About Matthew Lenton (firstcircle)

Earliest model memory is a Super Sabre my grandmother bought for me around 1972. Have always dabbled in painting and making things, and rediscovered doing that with plastic in 2008. Vowed then to complete the 30 year old stash, and have made some progress. Hobby goes hand in hand with BBC Radio 3...

Copyright ©2021 text by Matthew Lenton [ FIRSTCIRCLE ]. All rights reserved.


erm, 1:76? what am I missing here?
MAR 31, 2010 - 10:35 PM
Matthew, congratulations on an excellent review. I have followed your build of the old male version and hopefully you'll grace us with a similar build article of the female. It is very nice to see Airfix not rolling over and throwing in the towel. Matan, there are other scales besides 1/35! Cheers, tread_geek
APR 01, 2010 - 12:03 PM
Thought your article about building the Mk I Male is great but now you have an obligation to do equal justice to it's mate. Fascinating read. AJ
APR 01, 2010 - 05:39 PM
Matan, there are other scales besides 1/35! Cheers, tread_geek [/quote] yeah I know that, I just thought that it was always 1:72, not 1:76.
APR 02, 2010 - 03:54 AM
Glad to see armor from other eras being released (and reviewed!). Congrats, Matthew.
APR 02, 2010 - 04:12 AM
Matan, Airfix has always built their smaller scale vehicles in 1/76 scale. The former JB models, Matchbox and Fujimi also released in 1/76. BTW, Airfix acquired the rights to JB's moulds, Revell releases the former Matchbox and as far as I know Fujimi is still in business selling their 1/76 kits. Cheers, Jan
APR 02, 2010 - 07:01 AM
There was a period, in the years shortly before their acquisition by Hornby, that Airfix reboxed their armour kits and claimed that they were 1/72. Some sort of marketing move, perhaps? Not very helpful to their customer base, certainly .... This was not improved any by the fact that a couple of their kits (particularly the ones acquired from Heller) actually were 1/72. Hornby, fortunately, are not continuing that nonsense and have accurately labelled the scale of their re-issued kits. (Sadly, that appears to be as "accurate" as they intend to get, with no efforts being made to "repair" problems with the older kits, just tossing in new sprue attachments.) Note that Revell, when re-issuing the Matchbox armour kits, accurately label them as "1/76", which sets them apart from their other 1/72 kits.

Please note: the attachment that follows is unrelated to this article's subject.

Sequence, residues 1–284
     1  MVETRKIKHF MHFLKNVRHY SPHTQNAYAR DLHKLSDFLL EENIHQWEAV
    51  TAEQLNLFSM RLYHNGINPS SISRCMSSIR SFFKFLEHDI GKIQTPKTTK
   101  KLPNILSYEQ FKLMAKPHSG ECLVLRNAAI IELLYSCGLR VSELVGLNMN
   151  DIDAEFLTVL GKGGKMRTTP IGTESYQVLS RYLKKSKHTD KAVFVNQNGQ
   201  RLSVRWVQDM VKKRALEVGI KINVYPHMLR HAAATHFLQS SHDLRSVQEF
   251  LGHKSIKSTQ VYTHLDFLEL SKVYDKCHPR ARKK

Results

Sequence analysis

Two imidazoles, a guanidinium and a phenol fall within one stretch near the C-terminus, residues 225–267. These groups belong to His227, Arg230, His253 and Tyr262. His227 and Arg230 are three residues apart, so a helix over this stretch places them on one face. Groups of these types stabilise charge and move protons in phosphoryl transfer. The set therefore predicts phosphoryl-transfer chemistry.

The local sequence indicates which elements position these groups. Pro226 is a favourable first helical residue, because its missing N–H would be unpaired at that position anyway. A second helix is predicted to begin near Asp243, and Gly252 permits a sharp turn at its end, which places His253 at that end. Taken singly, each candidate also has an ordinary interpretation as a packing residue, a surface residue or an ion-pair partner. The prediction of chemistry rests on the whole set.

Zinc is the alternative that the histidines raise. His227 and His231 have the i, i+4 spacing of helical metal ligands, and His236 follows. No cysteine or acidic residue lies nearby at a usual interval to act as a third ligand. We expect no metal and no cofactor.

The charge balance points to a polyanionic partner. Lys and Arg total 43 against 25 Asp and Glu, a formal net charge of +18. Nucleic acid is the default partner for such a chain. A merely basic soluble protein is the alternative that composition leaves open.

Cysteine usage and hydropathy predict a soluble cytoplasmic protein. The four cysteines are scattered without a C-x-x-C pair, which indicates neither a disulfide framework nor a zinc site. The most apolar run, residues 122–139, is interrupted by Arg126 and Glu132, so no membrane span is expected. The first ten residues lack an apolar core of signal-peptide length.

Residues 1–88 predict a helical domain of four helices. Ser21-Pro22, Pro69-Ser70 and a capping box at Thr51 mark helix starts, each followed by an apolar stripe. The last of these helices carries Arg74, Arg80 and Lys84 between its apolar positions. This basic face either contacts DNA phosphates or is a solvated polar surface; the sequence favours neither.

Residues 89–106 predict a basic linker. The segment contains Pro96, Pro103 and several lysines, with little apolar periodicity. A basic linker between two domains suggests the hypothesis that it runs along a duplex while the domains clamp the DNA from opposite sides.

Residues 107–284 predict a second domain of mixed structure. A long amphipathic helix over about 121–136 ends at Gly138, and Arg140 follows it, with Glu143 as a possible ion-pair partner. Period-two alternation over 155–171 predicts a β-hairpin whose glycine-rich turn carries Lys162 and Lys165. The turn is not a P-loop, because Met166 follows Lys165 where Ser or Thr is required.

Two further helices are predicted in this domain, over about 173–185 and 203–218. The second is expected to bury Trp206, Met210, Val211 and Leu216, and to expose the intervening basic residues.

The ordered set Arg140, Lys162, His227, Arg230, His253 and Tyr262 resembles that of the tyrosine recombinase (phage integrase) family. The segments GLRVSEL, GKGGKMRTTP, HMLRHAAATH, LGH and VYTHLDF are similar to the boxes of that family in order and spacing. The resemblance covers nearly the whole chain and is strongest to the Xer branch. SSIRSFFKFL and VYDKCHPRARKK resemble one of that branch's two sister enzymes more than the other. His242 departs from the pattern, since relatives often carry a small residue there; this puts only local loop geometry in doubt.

APR 12, 2010 - 06:06 PM
Can anyone point me in the right direction of some reference for the Female MK I tank? There is a reason why Airfix changed it back to 1/76. One of them that they had been sued for not being true to scale or something along those lines. Also 1/76 is 00 gauge for model railways. Now that Hornby have taken over Airfix I guess that might also have something to do with it. Jaymes.
MAY 17, 2010 - 04:04 AM
"British Mark I Tank 1916" (New Vanguard) by David Fletcher and Tony Bryan - Amazon currently have this on offer, new, for £6.99. I found this book to be pretty good, though as usual, pretty short. As they say on the BBC: other products are available. It would be a bit amazing if anyone actually managed to sue a model manufacturer over their models not being to the scale they claim, but you could be right. I guess you are obliged to label your goods accurately as far as you are able, so changing the scale would be a clear admission of inaccuracy. There are doubtless those who know far more than me on this subject, but you are right, 1/76 originates from Airfix creating kits to be compatible with HO scale railways. I seem to remember their small polythene figures being labelled "00/H0". That in turn reveals the link between 00 which is 1/76 and H0 which is 1/87, and is something to do with model trains in these scales being able to use the same gauge track. No doubt there has been some indecision by someone at Airfix over whether it would be better to stick to the same scale they've always been, or to try to fit in with the ever expanding number of small scale vehicle kits being released in 1/72. As stated above, it has been complicated by the fact that a few of their kits originate from other manufacturers and really are 1/72.
MAY 17, 2010 - 06:02 AM